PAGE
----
Post by Jep Gambardella on Dec 15, 2022 17:00:22 GMT
I posted this on the "Now Playing and Upcoming" board but figured it may be of interest here as well.
I didn't know about its existence until just now. Bill Nighy stars. My first reaction was "WTF, this is sacrilege", but after finding out that the screenplay is by Nobel Prize-winner Kazuo Ishiguro, I am now looking forward to it.
I loved the original. If the remake is half as good, it will be well worth watching it.
Opening in North America (well, in Canada at least) in January.
A remake of 生きる (IKIRU) with a shorter running time? That must mean it's better than the original, right? Unfortunately, while LIVING trims the fat, it's still the same odd plot structure. You see, a man (Kanji Watanabe and Rodney Williams, respectively) is told he has less than a year to live.
After he dies, his co-workers feel that a lot of questions were left unanswered and they try to figure things out. This isn't a bad concept, but each movie feels like the result of two different scripts being stitched together. The portion with the co-workers lasts about 1/3 of the running time (except for the brief epilogue). He continues to appear in flashbacks, but they're told from the co-workers' point of view. So the deceased character's mysterious behavior is treated as a puzzle that the audience has to put together alongside the living characters? But we already know the answers. Oh, well, at least this version doesn't feature a scene where the protagonist makes a request to his peers while we hear an instrumental version of "Happy Birthday". Yes, I know the song had been sang by some extras in a previous scene, but it had nothing to do with what Watanabe was doing in the present. Even if there's some hidden meaning or symbolism that's eluding me, it's a distracting choice that doesn't complement the atmosphere of the moment. It's interesting how Bill Nighy uses a lot of the same mannerisms that Takashi Shimura used, and yet, he's more convincing. What the latter did came off as overacting.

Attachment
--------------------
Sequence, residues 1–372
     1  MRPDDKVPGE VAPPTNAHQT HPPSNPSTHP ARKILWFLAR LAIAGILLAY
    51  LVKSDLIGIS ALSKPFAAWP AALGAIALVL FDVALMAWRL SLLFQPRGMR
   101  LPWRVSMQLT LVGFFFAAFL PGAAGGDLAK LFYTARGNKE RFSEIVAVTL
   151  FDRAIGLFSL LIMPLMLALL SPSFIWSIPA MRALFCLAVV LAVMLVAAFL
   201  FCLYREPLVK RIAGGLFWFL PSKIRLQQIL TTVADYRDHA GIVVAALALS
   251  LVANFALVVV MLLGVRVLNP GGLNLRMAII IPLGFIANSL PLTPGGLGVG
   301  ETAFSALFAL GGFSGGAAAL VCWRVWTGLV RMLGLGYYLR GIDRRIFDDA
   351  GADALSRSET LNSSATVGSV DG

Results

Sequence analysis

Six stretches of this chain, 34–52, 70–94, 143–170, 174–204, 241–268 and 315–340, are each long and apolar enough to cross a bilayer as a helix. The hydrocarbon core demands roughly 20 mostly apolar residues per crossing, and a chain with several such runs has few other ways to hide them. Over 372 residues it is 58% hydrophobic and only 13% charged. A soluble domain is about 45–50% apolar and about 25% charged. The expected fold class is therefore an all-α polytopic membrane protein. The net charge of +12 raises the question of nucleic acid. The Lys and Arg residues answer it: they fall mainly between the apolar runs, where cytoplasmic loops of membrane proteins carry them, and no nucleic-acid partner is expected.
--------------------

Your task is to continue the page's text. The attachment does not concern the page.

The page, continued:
The story of a person with a serious disease who has to come to grips and re-evaluate their life is a common one in motion picture history, especially from the 1970s thru the 1990s, not to say that they are still not being produced, to wit, “The Whale.” The theme was a mainstay in 1970s made-fors. The cliché became known as the Disease Of The Week Movie.
No one has done it better than Kurosawa in “Ikiru.” It is not only the single title of this sort I can think of that is even watchable, it is also the only one that is a masterpiece of humanist art. “Living” – even if a shot-for-shot remake of “Ikiru” – will not be “Ikiru.” It will just be another weepie like all the other weepies. It may sound unreasonable of me (“How can you judge it without seeing it?!”), but I have no intention of ever going anywhere near it.
Sorry. I usually don’t get this strident, but “remaking” “Ikiru” hits a sore spot.